You might think academics would be a little more careful when it comes to checking their sources, but of course you’d be wrong as this 200+ page 2009 report on Internet blocking, the production of which was which was funded by George Soros’ Open Source Initiative, clearly shows. The specific reference to the “4.2 million porn sites” figure is on page 63 of the report but before looking it up, please do take the time to read through pages 3 & 4, which set out in some considerable detail the rather impressive looking credentials of the report’s four co-authors, especially those of Marko Gercke who is also the author of section 1.6 of the International Telecommunications Union’s 2008 Global Strategic Report, which forms part of its Global Cybersecurity Agenda. Now see if you can guess what’s on page 36 0f that ITU report?

16.2.2. Making pornography unavailable to minors

Sexually-related content was among the first content to be commercially distributed over the Internet. Recent research has identified as many as 4.2 million pornographic websites that may be available over the Internet at any time.102

102 Ropelato, “Internet Pornography Statistics” – http://internet-filter-review.toptenreviews.com/internet-pornography-
statistics.html.

And you’ll also find the 4.2 million porn site claim cited in this 2012 paper from the Journal of Chinese High Technology Letters, in which the authors propose a new method of automatically detecting pornographic images and in this 2013 Russian paper on internet porn filtering, which is published as part of the refereed proceedings of the 15th International Conference on Speech and Computer and, indeed, in this 2008 paper published in the journal Crime and Delinquency, which notes that the 4.2 million porn site claim also appears in a chapter on obscenity and the Internet by Jeff Maahs and John Liederbach in the 2006 book “Current Legal Issues in Criminal Justice: Readings“.

And if you think that’s perhaps a little embarrassing then spare a thought for G David Garson, Professor of Public Administration at North Carolina State University, who boasts some extremely impressive academic credentials:

G. David Garson is a full professor of public administration at North Carolina State University, where he teaches courses on American government, research methodology, computer applications, and geographic information systems. He was the recipient of the Donald Campbell Award (1995) from the policy studies organization, American Political Science Association, for outstanding contributions to policy research methodology and of the Aaron Wildavsky Book Award (1997) from the same organization. He is the author of Guide to Writing Quantitative Papers, Theses, and Dissertations (Dekker, 2001), Neural Network Analysis for Social Scientists (1998), and Computer Technology and Social Issues (1995). In addition he is editor of Social Dimensions of Information Technology (2000), Information Technology and Computer Applications in Public Administration: Issues and Trends (1999), and the Handbook of Public Information Systems (1999). He has also authored or edited 17 other books and authored more than 50 articles. For the last 20 years he has served as editor of the Social Science Computer Review and is on the editorial board of four additional journals.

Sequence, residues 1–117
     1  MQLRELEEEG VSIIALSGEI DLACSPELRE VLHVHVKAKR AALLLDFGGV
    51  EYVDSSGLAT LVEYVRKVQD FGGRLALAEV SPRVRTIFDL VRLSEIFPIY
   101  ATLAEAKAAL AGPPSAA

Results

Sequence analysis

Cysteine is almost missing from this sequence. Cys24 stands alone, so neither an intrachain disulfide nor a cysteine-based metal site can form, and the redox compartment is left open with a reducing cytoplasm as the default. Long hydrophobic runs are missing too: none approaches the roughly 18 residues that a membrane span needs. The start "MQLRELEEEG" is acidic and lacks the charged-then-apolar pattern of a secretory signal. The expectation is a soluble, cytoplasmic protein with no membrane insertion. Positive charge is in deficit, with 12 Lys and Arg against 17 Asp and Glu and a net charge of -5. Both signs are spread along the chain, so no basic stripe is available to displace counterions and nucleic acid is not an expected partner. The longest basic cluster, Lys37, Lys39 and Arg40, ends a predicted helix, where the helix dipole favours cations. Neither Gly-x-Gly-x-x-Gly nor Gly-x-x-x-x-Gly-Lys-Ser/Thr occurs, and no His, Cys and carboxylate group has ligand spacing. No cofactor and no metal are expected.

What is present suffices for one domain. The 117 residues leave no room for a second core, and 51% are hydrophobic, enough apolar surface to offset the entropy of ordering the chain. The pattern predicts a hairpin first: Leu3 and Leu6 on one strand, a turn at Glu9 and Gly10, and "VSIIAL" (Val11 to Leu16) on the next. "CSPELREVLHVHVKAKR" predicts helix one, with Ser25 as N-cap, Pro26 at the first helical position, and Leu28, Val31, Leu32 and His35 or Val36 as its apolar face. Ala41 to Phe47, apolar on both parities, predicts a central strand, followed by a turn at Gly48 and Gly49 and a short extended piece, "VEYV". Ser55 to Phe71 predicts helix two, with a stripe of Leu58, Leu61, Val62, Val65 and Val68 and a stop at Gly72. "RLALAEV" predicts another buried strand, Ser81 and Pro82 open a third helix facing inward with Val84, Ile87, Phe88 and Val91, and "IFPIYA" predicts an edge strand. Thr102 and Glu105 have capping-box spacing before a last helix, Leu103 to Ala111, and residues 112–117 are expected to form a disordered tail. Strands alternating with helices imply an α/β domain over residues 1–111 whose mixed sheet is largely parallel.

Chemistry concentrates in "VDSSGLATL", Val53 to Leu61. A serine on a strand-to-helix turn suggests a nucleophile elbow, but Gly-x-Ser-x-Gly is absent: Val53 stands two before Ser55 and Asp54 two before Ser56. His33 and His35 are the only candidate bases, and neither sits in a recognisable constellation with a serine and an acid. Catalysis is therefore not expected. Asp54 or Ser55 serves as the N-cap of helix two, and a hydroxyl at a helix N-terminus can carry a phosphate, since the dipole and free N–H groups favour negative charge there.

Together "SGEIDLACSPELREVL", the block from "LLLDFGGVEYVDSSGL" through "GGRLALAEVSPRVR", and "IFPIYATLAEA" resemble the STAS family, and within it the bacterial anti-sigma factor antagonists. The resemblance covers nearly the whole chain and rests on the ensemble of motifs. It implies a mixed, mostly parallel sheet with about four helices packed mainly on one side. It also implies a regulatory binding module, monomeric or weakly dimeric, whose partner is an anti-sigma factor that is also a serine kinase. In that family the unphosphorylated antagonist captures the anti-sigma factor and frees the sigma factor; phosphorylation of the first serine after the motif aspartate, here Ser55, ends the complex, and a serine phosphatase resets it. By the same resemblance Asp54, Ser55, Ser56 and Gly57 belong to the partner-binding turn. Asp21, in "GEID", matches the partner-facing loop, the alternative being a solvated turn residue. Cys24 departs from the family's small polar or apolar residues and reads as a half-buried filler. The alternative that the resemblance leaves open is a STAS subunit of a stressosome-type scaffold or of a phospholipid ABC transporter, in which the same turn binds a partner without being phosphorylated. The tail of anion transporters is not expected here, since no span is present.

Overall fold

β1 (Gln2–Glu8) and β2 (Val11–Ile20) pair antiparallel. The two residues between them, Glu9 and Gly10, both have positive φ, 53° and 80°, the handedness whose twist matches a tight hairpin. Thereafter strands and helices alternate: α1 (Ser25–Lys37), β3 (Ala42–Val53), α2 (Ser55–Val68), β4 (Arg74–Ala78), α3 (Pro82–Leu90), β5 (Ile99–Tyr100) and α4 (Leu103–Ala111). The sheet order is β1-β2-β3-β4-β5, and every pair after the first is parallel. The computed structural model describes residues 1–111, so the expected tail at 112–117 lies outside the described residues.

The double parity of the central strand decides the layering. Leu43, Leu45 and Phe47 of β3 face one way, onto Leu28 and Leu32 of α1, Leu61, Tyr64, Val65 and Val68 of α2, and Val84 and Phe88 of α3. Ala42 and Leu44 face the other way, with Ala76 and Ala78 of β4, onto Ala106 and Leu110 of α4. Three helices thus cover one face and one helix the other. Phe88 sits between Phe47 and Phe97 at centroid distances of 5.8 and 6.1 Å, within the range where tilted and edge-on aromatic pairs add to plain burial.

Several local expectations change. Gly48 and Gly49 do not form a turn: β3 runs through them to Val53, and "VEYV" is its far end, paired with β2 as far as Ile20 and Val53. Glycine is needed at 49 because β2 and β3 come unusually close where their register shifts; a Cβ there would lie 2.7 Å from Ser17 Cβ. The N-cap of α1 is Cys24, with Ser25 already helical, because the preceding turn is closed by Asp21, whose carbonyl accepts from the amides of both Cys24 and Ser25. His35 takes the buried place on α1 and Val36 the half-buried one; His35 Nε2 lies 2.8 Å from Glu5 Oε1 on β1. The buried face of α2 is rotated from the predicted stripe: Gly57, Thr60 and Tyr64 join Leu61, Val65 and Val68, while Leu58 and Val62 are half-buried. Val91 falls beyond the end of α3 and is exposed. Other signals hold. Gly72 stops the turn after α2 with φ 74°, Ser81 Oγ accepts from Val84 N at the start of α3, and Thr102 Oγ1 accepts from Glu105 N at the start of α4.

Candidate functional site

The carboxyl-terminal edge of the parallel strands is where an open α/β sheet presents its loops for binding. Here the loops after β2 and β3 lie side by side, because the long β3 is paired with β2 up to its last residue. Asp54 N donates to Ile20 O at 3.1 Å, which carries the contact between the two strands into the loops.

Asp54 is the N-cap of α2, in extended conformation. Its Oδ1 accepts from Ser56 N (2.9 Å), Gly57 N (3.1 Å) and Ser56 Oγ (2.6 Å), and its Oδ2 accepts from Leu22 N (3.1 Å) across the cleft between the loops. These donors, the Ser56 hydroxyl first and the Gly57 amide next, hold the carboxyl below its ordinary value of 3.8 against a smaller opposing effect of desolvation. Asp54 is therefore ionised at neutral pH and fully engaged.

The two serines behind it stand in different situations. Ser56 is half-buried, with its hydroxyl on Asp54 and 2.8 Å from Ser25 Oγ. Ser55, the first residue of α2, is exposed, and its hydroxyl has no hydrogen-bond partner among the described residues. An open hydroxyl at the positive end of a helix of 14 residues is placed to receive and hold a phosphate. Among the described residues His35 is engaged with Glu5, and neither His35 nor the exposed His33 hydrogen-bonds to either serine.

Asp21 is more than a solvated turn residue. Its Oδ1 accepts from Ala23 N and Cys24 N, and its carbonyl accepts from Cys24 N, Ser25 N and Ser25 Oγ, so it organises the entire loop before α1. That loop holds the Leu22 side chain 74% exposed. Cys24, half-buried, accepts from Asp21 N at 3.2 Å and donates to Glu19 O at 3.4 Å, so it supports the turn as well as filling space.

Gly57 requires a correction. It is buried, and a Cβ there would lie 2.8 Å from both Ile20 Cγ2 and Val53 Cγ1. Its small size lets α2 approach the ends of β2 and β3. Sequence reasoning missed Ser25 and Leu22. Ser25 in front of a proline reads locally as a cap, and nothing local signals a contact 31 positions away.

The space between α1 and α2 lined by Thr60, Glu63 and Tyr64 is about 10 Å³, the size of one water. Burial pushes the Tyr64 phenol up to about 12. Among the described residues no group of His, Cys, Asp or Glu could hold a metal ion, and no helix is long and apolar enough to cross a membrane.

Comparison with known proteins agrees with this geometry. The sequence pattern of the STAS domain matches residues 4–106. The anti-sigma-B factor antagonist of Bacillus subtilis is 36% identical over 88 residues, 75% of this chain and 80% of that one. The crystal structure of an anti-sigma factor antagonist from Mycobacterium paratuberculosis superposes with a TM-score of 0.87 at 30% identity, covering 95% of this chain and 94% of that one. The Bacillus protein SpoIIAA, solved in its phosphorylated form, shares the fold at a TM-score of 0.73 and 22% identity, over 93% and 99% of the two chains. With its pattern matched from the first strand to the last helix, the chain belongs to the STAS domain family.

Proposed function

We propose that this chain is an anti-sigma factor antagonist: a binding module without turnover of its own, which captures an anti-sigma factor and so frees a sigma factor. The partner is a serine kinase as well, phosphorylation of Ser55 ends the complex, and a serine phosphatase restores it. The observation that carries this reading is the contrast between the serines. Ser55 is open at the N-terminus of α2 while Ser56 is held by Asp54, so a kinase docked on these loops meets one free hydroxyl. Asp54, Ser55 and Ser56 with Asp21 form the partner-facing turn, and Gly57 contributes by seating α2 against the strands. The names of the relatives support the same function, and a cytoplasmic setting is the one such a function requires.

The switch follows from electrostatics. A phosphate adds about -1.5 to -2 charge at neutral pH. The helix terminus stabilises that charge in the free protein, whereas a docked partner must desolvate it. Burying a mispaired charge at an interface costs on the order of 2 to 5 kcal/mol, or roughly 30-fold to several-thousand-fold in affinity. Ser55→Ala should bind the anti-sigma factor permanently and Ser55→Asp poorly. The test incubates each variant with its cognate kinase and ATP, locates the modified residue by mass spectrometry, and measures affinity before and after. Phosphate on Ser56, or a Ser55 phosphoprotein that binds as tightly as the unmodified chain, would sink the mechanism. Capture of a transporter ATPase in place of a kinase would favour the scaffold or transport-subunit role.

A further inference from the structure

None on which succeeded in preventing him and his co-author, Mary Maureen Brown of the Center for Excellence in Public Leadership at NCSU, from citing almost the entire contents of Ropelato’s ‘statistics’ page in their 2013 book ‘Public Information Management and E-Government: Policy and Issues‘ – here, see for yourself, they’re on page 57. Brown and Garson even manage to include the utterly fantastical claim that the South Korean porn industry generates $25 billion in revenues per year, which at the time was the equivalent of $526 for every man, woman and child in the country, a feat that would be utterly remarkable (and unbelievable) even were it not for the fact that possession of any kind of pornography in South Korea is a criminal offence and subject to a maximum two-year prison sentence.